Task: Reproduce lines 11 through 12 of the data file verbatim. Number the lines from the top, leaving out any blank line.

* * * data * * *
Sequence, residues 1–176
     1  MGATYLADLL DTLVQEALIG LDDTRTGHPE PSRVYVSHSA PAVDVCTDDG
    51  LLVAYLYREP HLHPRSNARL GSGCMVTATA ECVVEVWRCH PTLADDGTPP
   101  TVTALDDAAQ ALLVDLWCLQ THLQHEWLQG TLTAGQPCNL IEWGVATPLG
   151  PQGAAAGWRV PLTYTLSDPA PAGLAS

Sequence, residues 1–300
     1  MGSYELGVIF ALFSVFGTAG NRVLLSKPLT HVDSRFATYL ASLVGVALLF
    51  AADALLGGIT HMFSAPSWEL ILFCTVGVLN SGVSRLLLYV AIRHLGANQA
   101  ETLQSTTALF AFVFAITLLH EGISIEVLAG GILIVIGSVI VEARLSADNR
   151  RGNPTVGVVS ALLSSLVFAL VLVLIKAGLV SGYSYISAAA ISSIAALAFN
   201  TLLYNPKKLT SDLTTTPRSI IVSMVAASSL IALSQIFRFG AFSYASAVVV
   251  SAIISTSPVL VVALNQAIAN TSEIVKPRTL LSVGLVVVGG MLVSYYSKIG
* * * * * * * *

   201  TLLYNPKKLT SDLTTTPRSI IVSMVAASSL IALSQIFRFG AFSYASAVVV
   251  SAIISTSPVL VVALNQAIAN TSEIVKPRTL LSVGLVVVGG MLVSYYSKIG